“Zero Days”, the latest documentary by Academy Award winning director Alex Gibney, makes a chilling and urgent claim that the cyber domain has become an as-yet unregulated fourth dimension of warfare – an entirely new class of weapons, with unlimited range, low signature, and destructive potential tantamount to nuclear.
Cyber-warfare has long moved beyond simple informational distortions, hacks, leaks, black market and financial crimes, with known acts of cyber-interference ranging from compromising internet infrastructure to bringing down power grids. 2016, the year of unprecedented political turmoil, ended with the outgoing US President Barack Obama expelling 35 Russian diplomats over unprecedented allegations of meddling in the presidential election.
“Zero Days” takes a step back to examine where it all began. The gripping detective tells a story of Stuxnet, a self-replicating computer malware programme allegedly unleashed in 2010 by the American and Israeli intelligence services to destroy an Iranian uranium enrichment facility in Natanz, ultimately spreading beyond its intended target and opening the Pandora’s box of global cyber-warfare.
“The impact [of cyber-weapons] can be devastating: imagine planes crashing because dispatching systems are compromised, hospitals blacking out, internet stopped,” Yossi Melman, a security and intelligence affairs writer and journalist, tells bne IntelliNews over the phone. Together with the New York Times national security correspondent David Sanger, Melman comprised the core of the research team helping Gibney to weave the impressive and compelling tale that is “Zero Days”.
The name of the documentary comes from the phrase “zero day”, which is a cybersecurity exploit that nobody knows about except the attacker – a critical element for any malicious software that can sell for hundreds of thousands of dollars on the black market. Many such exploits were also employed by Stuxnet, the most sophisticated piece of malware seen at the time and the first known case of cyber-realm activity affecting critical physical infrastructure.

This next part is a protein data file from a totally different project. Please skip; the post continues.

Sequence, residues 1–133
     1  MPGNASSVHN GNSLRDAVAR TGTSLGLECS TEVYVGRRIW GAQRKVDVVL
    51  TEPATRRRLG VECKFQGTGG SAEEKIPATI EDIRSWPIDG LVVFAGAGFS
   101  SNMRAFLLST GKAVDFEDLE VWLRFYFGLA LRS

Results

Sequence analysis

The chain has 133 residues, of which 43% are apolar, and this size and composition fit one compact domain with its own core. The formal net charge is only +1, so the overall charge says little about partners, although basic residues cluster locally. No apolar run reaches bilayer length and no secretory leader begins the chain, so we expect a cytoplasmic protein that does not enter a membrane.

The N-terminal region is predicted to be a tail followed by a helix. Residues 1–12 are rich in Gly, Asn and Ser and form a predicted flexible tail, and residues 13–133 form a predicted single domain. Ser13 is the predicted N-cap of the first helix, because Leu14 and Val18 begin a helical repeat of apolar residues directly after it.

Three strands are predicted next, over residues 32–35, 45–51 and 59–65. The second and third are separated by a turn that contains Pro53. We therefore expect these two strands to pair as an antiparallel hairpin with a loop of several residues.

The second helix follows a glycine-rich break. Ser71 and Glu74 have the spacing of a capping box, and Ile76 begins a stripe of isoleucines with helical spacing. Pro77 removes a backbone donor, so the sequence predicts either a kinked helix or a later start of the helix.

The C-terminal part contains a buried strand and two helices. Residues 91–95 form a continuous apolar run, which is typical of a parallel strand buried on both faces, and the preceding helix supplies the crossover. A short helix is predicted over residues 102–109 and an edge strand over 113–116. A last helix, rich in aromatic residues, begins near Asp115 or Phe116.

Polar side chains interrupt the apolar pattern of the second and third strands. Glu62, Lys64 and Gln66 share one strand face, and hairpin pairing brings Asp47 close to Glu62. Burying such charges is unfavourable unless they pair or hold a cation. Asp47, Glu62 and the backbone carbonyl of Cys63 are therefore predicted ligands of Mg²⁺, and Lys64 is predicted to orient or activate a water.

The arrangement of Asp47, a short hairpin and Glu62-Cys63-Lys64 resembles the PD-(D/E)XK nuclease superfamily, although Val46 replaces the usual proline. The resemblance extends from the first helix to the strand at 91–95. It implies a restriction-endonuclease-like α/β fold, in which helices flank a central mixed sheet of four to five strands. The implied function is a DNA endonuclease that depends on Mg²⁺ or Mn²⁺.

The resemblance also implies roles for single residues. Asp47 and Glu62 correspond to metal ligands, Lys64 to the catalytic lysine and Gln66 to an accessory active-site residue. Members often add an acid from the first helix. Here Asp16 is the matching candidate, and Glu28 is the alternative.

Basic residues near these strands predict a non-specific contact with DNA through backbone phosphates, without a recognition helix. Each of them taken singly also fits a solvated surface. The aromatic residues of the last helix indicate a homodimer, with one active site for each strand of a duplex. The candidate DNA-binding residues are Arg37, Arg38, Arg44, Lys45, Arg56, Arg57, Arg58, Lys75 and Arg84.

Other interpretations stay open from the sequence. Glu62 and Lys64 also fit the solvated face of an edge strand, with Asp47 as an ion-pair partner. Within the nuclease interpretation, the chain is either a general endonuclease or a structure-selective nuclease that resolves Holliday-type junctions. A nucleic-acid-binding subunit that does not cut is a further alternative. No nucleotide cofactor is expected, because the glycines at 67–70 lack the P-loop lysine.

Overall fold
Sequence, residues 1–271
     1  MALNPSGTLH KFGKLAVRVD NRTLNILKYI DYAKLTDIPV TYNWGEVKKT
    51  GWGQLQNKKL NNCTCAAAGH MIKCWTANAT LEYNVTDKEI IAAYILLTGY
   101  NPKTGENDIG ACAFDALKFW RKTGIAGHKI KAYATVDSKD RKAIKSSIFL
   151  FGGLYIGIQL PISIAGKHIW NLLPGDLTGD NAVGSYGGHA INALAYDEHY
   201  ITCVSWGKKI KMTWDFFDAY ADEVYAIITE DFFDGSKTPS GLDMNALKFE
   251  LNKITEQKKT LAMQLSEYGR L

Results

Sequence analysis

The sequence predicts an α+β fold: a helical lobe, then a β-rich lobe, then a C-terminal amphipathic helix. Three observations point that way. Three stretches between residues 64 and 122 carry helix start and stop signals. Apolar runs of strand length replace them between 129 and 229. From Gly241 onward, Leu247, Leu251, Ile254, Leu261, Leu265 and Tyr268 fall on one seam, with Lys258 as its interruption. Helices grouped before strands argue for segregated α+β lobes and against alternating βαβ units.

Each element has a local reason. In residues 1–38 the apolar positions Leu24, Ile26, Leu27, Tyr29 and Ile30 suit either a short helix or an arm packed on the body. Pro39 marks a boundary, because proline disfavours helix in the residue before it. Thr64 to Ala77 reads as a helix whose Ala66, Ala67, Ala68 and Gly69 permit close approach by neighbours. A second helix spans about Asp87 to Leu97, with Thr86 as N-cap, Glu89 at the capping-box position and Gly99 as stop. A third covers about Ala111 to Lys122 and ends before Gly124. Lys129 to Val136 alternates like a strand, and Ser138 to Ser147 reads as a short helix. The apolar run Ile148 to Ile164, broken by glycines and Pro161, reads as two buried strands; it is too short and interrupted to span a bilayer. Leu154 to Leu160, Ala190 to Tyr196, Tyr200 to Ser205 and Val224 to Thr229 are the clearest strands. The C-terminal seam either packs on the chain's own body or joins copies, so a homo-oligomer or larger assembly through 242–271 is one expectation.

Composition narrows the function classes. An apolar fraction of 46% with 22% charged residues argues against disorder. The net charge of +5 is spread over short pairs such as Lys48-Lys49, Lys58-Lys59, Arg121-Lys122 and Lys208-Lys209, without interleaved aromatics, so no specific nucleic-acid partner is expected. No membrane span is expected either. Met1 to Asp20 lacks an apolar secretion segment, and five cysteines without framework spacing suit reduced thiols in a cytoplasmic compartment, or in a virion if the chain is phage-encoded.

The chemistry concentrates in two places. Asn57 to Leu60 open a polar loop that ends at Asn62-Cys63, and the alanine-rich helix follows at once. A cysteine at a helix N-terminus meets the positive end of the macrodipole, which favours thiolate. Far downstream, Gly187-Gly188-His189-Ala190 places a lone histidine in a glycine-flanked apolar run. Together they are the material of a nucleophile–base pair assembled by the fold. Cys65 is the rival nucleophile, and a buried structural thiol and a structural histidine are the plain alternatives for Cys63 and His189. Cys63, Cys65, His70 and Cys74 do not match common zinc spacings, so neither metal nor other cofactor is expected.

The complexity of the Stuxnet code, shortly after its discovery by an anti-virus specialist in Belarus, has led the data-security community to believe that it required the resouces of several nation states. Although the exact origins of the code are still highly classified, Stuxnet is the first known case of a nation state attacking another with a cyber-weapon, being a complex cross-agency operation between the US’ CIA, NSA and Cyber Command, British special forces, Israeli Mossad and the infamous Israeli 8200 technical unit.
Another Gibney thriller
After premiering in the main competition of the Berlin Film Festival, perhaps the biggest stage that a documentary can get, “Zero Days” screened at the Masters selection of the prestigious IDFA festival in Amsterdam.
Such a celebrated expose master as Alex Gibney enjoys the resources and access that few other contemporary documentarians can match, as he has made a prolific career out of fearless unmasking of corruption and power abuse, with films such as “Enron: The Smartest Guy in the Room”, “Taxi to the Dark Side”, and “Going Clear: Scientology and the Prison of Belief”, to name a few.